Housing, economic development, education and early childhood.
What do you think is a major opportunity arising from Local Decision Making?
“Aboriginal peoples participating in and controlling decision making of government services and programs with authority through a legislative framework.”
Sam Jeffries, Former Chair, Murdi Paaki Regional Assembly
Barang Regional Alliance
Barang is located on the NSW Central Coast around Gosford and Wyong. Barang aims to be a backbone organisation, speaking to government and other key stakeholders. Barang will also contribute to the retention of Aboriginal culture, create stronger community networks, develop local Aboriginal leadership and optimise investments in the Aboriginal community. Barang became incorporated in 2016 and in the same year, elected a new CEO and chair.
Barang covers the Gosford and Wyong local government areas.
Participating groups and organisations
The following seven organisations are represented by this alliance: Darkinjung LALC, NAISDA Dance College, The Glen Rehabilitation Centre, Mingaletta Aboriginal Corporation, Yerin Aboriginal Health Services, Bara Barang Corporation and Bungree Aboriginal Corporation.
Empowering Aboriginal people through a unified voice. Direct access to key government stakeholders – via the new Empowered Communities and Local Decision Making frameworks. Leadership – promoting local Indigenous led decisions, accountability and structure. Retention of Indigenous culture – for the wider community and future generations.
Barang focuses on youth, employment, homelessness, health and well-being, and culture.
“LDM is … working closely with Aboriginal organisations and government with a direct line to staff who have authority to make decisions at the table. Support and clear decision making without bureaucratic barriers.”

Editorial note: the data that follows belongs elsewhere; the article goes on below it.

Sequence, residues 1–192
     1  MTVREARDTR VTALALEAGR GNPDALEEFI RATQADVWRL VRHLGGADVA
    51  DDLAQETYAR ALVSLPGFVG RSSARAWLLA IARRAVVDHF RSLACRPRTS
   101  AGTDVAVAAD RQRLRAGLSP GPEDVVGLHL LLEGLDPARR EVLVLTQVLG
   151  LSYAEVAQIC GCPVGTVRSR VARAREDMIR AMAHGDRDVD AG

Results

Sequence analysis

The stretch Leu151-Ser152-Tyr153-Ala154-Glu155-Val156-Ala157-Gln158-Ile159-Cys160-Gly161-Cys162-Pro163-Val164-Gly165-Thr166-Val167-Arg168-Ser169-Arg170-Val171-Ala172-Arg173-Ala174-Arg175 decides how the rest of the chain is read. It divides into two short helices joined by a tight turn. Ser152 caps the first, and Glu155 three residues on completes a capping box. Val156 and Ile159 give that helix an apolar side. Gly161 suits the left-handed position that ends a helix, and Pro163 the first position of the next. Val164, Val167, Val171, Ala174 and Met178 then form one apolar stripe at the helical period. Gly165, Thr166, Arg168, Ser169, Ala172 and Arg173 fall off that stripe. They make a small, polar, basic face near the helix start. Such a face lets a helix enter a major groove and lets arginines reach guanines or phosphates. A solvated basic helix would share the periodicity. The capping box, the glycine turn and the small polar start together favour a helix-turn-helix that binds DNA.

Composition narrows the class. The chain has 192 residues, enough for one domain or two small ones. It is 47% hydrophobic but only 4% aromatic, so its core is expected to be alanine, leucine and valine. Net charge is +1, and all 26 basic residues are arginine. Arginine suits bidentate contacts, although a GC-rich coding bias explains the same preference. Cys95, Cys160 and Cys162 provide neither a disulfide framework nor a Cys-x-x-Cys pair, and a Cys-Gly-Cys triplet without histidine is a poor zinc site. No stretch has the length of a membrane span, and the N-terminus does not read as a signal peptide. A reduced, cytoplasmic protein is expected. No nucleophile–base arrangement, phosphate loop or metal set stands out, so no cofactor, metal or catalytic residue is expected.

Denise Markham, Barang
Regional Aboriginal Development Alliance (RADA)
RADA works in partnership with communities, employees and government agencies to improve service delivery and support for Aboriginal and Torres Strait Islander peoples.
RADA commits to ensuring mutually beneficial outcomes for communities by building and maintaining relationships at the local level, working together to enable Aboriginal communities to have greater decision-making powers around service delivery to communities.
RADA covers the Ballina, Byron, Clarence Valley, Kyogle, Lismore, Richmond Valley and Tweed local government areas.
Tribal Wave Regional Assembly (TWRA)
In September 2016, RADA split into two regional alliances due to the extent of their geographical boundary, forming the Tribal Wave Regional Assembly (TWRA). The name signifies a people’s movement: “a wave 4 change”. Both regional alliances are currently working to resolve their governance arrangements.
TWRA covers the Bellingen, Coffs Harbour, Gloucester, Greater Taree, Kempsey, Nambucca and Port Macquarie-Hastings, Williamtown, Medowie and Karuah local government areas.
Riverina-Murray Regional Alliance (RMRA)
Though not an official LDM site, RMRA has used the LDM model to develop its alliance structure. The recent reduction of government services, in particular the closure of the Aboriginal Affairs office in Wagga Wagga, motivated concerned community members to meet in 2014 to discuss forming a regional governance structure for the Riverina-Murray region. The aim of the RMRA is to ensure member communities have a genuine voice in determining how and what services are delivered in their communities and to increase the capacity of each community to make decisions about their future.
To align, unify and strengthen communities to ensure effective localised responses to identified service gaps and priorities.
Albury, Cootamundra, Cummeragunja, Deniliquin, Griffith, Hay, Leeton, Narrandera, Tumut and Wagga.
“We the people, the grass roots people, have a say in service delivery in our communities. Too long have we been dictated to and told this and that. We know what’s best for our people and can improve our own outcomes ourselves.”
Ruth Davys, Chairperson, Riverina-Murray Regional Alliance
Want to know more?
Should you have questions relating to Local Decision Making please forward your query to:
Phone: 1800 019 998